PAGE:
6 Awesome Things to Do in Edinburgh in Summer

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Edinburgh is a hive of activity in summer. There’s so much going on – street performances, fireworks, festivals, concerts… and the occasional heavy rainfall. The thing I love most about Scottish summer is the long days. It gets dark after 10pm, which means you can fit a lot of activities into one day.
In this guide, I share my favourite things to do in Edinburgh in summer. While many people head to Edinburgh in summer for the Fringe, the festival commotion can take its toll on you after a couple of days in the city. Thankfully, you can easily escape the crowds without the leaving city.
If you want to get off the tourist trail in Edinburgh, check out this post. Meanwhile, here are 6 not-to-miss summer events and activities in Edinburgh.
Recommended hotel: If you’re looking for a central hotel in Edinburgh, I highly recommend staying at ibis Edinburgh Centre on South Bridge (just around the corner from the Royal Mile). It is very clean and modern – and the beds are super comfy!

1. Leap into the crazy world of the Fringe Festival

Edinburgh’s world-famous Fringe Festival is known for its spontaneity. Held at different venues across the city, the festival is made up of hundreds of shows, including concerts, artistic performances and stand-up comedy. If you want to enjoy the Fringe without spending a lot of money (many shows cost between £10-£20), there are plenty of free shows you can attend. Moreover, there are street performances taking place on the Royal Mile all day long.
Edinburgh’s world-famous Fringe Festival is known for its spontaneity. Held at different venues across the city, the festival is made up of hundreds of shows, including concerts, artistic performances and stand-up comedy. If you want to enjoy the Fringe without spending a lot of money (many shows cost between £10-£20), there are plenty of free shows you can attend. Moreover, there are street performances taking place on the Royal Mile all day long.
If you’re in Edinburgh during the Fringe opening weekend, you might get some free tickets to some of the shows – many performances get reviews by critics and journalists on the first weekend, so a lot of performers give away free tickets to their first show to fill up the venue. Head to George Square and Bristo Place (University of Edinburgh campus) for a chance to snag free tickets.
The streets of Edinburgh are packed in August, so I highly recommend carrying an anti-theft bag and wearing comfortable footwear.

2. Attend the Edinburgh Military Tattoo

The Edinburgh Military Tattoo brings together military bands and dance schools from different countries. Each performance features bagpipe tunes with its a cultural twist. The show takes place on the castle esplanade, where colourful lighting and animation is projected on the castle facade.
The show normally ends with a firework display (weather permitting). Try to buy tickets as soon as they are made available as the show tends to sell out fast.
Tip: Make sure you take a waterproof jacket to the show. While it may be nice and warm during the day, the weather might change during the show (Scottish weather is very unpredictable!).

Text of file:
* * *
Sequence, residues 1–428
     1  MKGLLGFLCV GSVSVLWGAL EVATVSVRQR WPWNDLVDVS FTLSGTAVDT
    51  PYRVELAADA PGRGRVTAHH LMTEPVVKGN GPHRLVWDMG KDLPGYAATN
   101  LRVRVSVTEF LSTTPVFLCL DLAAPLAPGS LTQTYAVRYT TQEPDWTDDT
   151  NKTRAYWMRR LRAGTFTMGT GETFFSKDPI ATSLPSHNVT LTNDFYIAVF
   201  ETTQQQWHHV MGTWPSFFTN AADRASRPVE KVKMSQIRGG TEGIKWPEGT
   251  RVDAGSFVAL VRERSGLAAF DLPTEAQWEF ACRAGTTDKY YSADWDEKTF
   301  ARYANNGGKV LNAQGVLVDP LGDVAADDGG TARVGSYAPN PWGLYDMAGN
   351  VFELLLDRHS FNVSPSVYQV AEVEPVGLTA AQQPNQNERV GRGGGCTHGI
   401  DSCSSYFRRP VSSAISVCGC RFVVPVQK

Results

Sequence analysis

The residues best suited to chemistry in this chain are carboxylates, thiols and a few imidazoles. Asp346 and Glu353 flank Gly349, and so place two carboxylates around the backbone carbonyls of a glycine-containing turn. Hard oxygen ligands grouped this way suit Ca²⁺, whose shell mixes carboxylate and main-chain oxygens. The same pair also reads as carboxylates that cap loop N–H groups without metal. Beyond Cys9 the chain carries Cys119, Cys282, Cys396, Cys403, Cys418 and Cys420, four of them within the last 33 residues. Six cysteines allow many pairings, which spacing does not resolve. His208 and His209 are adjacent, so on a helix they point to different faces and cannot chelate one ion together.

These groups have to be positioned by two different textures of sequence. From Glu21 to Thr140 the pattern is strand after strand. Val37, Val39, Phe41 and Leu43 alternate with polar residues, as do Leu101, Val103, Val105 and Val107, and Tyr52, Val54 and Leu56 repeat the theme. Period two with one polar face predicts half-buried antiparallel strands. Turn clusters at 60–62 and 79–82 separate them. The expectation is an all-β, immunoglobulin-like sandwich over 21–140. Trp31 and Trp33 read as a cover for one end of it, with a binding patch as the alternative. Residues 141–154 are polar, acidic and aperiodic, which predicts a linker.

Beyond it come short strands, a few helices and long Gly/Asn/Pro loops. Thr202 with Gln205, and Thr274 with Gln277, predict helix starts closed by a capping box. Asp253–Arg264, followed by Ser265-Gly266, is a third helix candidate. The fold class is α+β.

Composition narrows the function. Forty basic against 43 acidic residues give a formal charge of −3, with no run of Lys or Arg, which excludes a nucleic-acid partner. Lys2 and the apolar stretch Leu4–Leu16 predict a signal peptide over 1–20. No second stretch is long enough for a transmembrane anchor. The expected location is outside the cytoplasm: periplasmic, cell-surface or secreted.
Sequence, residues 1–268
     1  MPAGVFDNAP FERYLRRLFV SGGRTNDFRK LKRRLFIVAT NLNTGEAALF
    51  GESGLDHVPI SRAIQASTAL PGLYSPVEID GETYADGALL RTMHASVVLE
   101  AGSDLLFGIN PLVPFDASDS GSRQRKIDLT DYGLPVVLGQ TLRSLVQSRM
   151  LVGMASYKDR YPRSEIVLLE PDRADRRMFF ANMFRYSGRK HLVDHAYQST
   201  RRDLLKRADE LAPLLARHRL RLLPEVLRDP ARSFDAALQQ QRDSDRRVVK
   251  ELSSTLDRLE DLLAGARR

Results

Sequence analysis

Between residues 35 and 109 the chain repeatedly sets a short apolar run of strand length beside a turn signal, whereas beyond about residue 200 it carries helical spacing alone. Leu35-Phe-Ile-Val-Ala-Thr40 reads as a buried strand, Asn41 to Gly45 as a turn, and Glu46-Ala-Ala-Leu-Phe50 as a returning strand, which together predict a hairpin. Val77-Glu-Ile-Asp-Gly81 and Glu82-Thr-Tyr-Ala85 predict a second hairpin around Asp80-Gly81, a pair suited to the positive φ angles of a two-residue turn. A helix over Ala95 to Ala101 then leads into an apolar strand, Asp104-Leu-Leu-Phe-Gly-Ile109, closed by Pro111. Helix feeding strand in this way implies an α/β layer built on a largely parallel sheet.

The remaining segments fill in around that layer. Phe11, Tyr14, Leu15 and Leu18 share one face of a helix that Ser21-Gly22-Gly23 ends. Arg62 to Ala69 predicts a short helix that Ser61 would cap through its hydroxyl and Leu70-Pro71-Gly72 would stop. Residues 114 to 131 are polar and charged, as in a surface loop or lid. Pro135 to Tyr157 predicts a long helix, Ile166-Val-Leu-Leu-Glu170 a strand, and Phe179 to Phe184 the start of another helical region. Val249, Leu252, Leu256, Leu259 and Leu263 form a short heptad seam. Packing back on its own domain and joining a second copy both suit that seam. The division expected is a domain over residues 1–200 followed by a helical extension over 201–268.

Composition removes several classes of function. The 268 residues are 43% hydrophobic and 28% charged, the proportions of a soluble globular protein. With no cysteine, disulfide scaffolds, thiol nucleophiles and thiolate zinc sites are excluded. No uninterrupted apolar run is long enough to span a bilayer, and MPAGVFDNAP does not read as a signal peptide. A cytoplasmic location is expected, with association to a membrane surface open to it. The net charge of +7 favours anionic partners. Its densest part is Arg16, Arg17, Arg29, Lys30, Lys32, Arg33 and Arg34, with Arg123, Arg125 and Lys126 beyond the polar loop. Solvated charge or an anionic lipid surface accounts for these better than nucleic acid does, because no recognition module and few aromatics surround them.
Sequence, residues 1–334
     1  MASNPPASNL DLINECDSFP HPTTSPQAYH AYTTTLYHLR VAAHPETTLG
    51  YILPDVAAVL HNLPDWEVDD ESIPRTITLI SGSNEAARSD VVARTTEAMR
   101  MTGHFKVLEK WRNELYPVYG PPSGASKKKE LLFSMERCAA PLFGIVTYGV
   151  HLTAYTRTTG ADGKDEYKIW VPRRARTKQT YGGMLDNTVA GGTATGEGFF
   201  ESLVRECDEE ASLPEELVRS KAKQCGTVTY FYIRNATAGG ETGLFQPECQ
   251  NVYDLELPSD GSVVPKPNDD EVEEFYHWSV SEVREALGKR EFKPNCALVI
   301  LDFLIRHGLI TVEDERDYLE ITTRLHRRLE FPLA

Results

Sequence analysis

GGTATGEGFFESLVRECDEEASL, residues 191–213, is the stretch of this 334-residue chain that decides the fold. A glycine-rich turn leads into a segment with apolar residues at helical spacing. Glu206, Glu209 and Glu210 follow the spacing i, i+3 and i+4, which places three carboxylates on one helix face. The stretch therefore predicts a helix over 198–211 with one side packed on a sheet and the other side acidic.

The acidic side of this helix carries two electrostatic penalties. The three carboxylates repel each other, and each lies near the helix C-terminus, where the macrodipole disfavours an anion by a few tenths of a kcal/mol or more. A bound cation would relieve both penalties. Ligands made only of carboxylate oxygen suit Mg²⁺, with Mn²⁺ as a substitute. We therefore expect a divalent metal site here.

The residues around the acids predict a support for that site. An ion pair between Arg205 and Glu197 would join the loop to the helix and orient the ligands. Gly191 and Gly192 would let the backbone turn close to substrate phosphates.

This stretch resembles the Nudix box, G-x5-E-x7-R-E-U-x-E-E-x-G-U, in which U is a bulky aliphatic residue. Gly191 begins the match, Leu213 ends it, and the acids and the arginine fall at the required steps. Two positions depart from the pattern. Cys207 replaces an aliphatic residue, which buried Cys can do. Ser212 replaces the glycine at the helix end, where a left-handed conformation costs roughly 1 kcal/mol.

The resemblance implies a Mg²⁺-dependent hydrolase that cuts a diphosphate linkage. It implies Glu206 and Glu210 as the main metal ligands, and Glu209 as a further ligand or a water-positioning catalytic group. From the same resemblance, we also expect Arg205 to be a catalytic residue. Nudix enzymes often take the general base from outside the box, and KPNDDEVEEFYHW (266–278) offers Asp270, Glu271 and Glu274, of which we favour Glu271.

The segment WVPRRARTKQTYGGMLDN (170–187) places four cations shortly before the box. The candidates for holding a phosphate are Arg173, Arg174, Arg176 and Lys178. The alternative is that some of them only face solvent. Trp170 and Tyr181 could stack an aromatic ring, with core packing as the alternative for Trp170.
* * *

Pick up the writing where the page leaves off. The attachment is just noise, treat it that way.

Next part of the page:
3. Go for a swim at Portobello beach

Yes, it’s possible to go for a swim in Edinburgh. Portobello is a quaint seaside neighbourhood, with a row of beautiful houses overlooking a long stretch of sandy beach. On a nice summer day, you can enjoy a pleasant stroll along the promenade, or go for a dip in the sea.
Portobello is just a short bus ride from Edinburgh city centre (around 20-30 minutes). Alternatively, you can head to Musselburgh (another pretty seaside town) and walk along the coast to Portobello beach.

4. Have a picnic in The Meadows

The Meadows is a popular hangout spot among locals – this beautiful park is an ideal place for a picnic or BBQ. On a warm day, you can also find several sunbathers. If you’re in Edinburgh during the festival season, you can grab some food from the stalls in George Square (just around the corner) and enjoy your lunch in The Meadows.
During the festival season, The Meadows can be a bit busy. If you’re looking for a quieter picnic spot, cross the road and walk up the hill to Bruntsfield Links.

5. Cycle along the Union Canal

Enjoy cycling? The path running along the Union Canal is ideal for those who want to explore the non-touristy side of Edinburgh by bike. The canal cuts through some beautiful Edinburgh neighbourhood, including Polwarth. You can stop for a wee break in Harrison Park, or grab a bite to eat from one of the indie cafes in Fountainbridge.
If you’re not an avid cyclist, you can go for a nice evening walk along the canal and take photos of the colourful barges.

6. Enjoy an ice-cream in South Queensferry

If you feel the need to get away from the craziness of the Fringe, take a trip to South Queensferry. This gorgeous town overlooks an estuary and is home to the Forth Bridge – a 19th century structure and UNESCO World Heritage Site that is regarded as an engineering marvel. The town centre has several pastel-coloured houses, a few good restaurants (try the fish & chips!) and ice-cream parlours serving a variety of flavours.
Check out this guide to visiting South Queensferry on a day trip from Edinburgh.
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Daniela Frendo

Daniela Frendo

Hi! I'm a Maltese blogger based in Scotland. I created Grumpy Camel to help travellers connect with places through culture, history and cuisine.
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